• Health centers.
  • Child-focused facilities, such as community children’s centers.
  • The children’s homes (especially for young children).

Children are sometimes supported in groups and sometimes individually, as in home-based interventions.

Physical Activity and Physiotherapy for Weight Loss

Firstly, evaluating the child’s current level of physical activity is beneficial (provided, of course, that he or she is willing to participate in this process).

Physical activity doesn’t necessarily mean sports; one can be physically fit and not overweight without engaging in sports, but by having enough daily activities.

Conducting an Assessment

Physiotherapists or other profesionnals can conduct an assessment of the child. This assessment will help identify, by questioning the child and their family:

  • The child’s level of physical activity during a typical week:
    • How does the child travel to school or their daycare?
    • What activities does the child engage in during the day (outdoor activities at the park, indoor activities, family visits, etc.)?
    • Does the child spend a lot of time in the car or stroller?
    • How much time per day does the child spend watching screens (TV, phone, computer, tablet, etc.)?
    • How much sleep does the child get? At what time(s) of the day? Is the child fatigued?
  • Any potential pain the child may experience.
  • The child’s ability to perform certain simple motor activities, adjusted for their age. For example, running a few meters, jumping, balancing on one foot, throwing a ball, walking uphill or downhill, etc.
  • What activities the child enjoys doing.
  • The possibilities for physical activity allowed by the child’s living environment.
  • The family’s and child’s dietary habits (if not addressed in another intervention).

Proposing Strategies to Limit Weight Gain

Next, it will be important to define reasonable goals for increasing the child’s physical activity time and finding suitable, enjoyable, and accessible means for the child.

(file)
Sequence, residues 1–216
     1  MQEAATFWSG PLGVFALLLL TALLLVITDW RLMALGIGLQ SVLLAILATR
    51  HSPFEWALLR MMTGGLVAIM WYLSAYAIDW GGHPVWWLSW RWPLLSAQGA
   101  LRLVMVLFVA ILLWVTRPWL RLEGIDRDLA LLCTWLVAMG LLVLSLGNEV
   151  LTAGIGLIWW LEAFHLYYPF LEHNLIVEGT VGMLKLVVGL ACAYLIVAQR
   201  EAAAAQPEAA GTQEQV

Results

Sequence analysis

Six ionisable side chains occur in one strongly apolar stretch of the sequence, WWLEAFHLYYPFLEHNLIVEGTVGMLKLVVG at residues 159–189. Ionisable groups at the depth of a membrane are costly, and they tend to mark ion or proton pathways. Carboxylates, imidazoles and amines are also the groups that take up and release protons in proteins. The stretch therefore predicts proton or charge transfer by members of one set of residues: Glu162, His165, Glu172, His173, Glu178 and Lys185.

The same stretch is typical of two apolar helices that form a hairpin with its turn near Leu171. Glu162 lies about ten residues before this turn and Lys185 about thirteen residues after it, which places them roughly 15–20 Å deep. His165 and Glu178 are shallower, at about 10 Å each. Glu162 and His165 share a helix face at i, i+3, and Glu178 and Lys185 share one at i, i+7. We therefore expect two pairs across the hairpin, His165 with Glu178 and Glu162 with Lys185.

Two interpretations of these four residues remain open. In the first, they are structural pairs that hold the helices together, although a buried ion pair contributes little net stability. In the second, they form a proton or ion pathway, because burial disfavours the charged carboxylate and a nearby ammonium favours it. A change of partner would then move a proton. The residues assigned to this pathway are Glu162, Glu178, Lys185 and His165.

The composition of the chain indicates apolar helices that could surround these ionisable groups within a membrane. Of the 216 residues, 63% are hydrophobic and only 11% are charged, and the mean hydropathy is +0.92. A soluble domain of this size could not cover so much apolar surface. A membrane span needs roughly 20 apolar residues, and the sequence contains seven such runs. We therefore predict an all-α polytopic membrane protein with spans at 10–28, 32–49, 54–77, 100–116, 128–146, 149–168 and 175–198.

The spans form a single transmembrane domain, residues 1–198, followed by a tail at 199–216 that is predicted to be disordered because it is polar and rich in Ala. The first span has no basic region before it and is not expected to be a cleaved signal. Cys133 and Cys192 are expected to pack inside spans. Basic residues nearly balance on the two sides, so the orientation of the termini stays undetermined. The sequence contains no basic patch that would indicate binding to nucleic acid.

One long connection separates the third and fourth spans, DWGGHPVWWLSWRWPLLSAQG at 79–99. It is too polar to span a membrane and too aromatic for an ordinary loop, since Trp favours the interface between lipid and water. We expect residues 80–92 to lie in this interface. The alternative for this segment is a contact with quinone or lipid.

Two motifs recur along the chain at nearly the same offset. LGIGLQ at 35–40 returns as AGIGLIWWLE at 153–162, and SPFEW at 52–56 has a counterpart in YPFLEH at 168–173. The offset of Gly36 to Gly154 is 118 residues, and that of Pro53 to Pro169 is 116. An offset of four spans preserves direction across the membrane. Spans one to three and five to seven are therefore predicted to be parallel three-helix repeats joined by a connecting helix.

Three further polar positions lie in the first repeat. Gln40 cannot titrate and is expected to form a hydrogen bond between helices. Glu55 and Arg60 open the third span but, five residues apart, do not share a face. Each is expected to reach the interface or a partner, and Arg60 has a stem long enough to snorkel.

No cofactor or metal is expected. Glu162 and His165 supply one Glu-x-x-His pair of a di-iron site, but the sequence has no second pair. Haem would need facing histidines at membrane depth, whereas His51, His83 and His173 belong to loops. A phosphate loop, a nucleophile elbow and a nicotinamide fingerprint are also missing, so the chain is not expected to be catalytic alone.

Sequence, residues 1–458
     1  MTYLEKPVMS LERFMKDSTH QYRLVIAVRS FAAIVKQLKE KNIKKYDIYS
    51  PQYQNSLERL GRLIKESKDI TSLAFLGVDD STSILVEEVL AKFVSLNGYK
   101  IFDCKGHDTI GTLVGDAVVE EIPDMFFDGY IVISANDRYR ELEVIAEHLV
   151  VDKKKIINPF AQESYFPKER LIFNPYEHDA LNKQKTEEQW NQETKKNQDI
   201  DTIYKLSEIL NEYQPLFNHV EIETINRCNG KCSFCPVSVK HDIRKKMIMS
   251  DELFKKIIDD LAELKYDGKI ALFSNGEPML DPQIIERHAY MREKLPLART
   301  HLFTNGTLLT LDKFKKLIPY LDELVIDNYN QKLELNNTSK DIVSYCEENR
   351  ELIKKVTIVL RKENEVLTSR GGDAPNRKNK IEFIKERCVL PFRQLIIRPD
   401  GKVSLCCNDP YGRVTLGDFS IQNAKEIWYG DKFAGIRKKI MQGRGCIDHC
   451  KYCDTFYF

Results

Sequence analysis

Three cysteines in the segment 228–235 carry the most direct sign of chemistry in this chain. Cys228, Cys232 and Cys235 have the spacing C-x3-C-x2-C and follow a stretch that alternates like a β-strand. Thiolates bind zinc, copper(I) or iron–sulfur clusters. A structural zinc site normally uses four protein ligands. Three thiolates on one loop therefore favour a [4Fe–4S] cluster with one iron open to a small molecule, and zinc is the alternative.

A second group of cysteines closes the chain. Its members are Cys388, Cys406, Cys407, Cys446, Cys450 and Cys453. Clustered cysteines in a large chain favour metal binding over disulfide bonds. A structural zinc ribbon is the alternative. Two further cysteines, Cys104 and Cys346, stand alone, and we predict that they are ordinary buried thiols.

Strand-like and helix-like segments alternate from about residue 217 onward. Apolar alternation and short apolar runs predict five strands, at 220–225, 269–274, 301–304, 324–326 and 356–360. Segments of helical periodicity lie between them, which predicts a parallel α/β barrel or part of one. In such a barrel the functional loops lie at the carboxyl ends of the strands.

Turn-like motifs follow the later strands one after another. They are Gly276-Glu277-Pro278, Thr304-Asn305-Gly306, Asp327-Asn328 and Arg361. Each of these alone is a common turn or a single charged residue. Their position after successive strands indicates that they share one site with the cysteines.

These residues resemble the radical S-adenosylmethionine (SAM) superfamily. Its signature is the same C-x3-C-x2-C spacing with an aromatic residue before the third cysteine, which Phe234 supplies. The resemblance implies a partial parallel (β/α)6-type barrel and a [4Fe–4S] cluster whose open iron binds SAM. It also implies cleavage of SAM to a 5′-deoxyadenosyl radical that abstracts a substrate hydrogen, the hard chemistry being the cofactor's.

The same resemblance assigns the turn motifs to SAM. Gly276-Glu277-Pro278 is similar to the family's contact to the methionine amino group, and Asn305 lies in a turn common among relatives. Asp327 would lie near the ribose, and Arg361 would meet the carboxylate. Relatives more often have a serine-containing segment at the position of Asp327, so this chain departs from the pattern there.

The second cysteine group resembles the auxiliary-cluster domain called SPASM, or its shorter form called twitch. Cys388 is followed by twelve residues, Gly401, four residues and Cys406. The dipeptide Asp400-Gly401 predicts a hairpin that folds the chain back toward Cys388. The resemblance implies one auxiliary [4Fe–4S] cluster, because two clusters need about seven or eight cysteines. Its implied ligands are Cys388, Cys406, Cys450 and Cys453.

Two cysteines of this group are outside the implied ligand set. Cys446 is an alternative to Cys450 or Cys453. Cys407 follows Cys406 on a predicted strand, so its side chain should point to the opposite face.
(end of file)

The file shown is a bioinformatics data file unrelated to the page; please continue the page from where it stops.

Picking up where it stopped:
Over the weeks and months, the aim is to approach the recommended level of physical activity for all children: 1 hour of moderate (brisk walking) to vigorous (activities that cause significant breathlessness) physical activity per day.

Each child is different and may engage with various practices. Here are some examples of things that can be implemented:

  • Suggest walking or cycling to and from school once a week.
  • Plan 2 to 3 outings per week to nearby playgrounds and encourage the child to spend at least 1 hour playing there.
  • Reduce screen time by one hour per day (when the child becomes bored, they will naturally turn to more physically engaging activities or sleep better).
  • Join a sports club in the local community.
  • Go cycling, rollerblading, or engage in other non-motorized activities every weekend in a suitable location, starting from home.
  • Enroll in a gym.
  • Start with physical activity sessions at a physiotherapist’s clinic to regain confidence.
  • Remove television and all screens from the children’s bedrooms.
  • Limit the use of smartphones to only phone calls.
  • Follow exercise videos from preselected content on YouTube (e.g., zumba, cross-fit, etc.).

Supporting Commitment and Motivation

The management does not merely involve listing possible activities. A significant part of the intervention should focus on the motivation and commitment of the child and their family.

Trained and experienced professionals will know how to:

  • Reinforce and acknowledge the child’s positive behaviors concerning physical activity.
  • Encourage the child and their family to commit (for example, by having them write and sign objectives or express their desires verbally).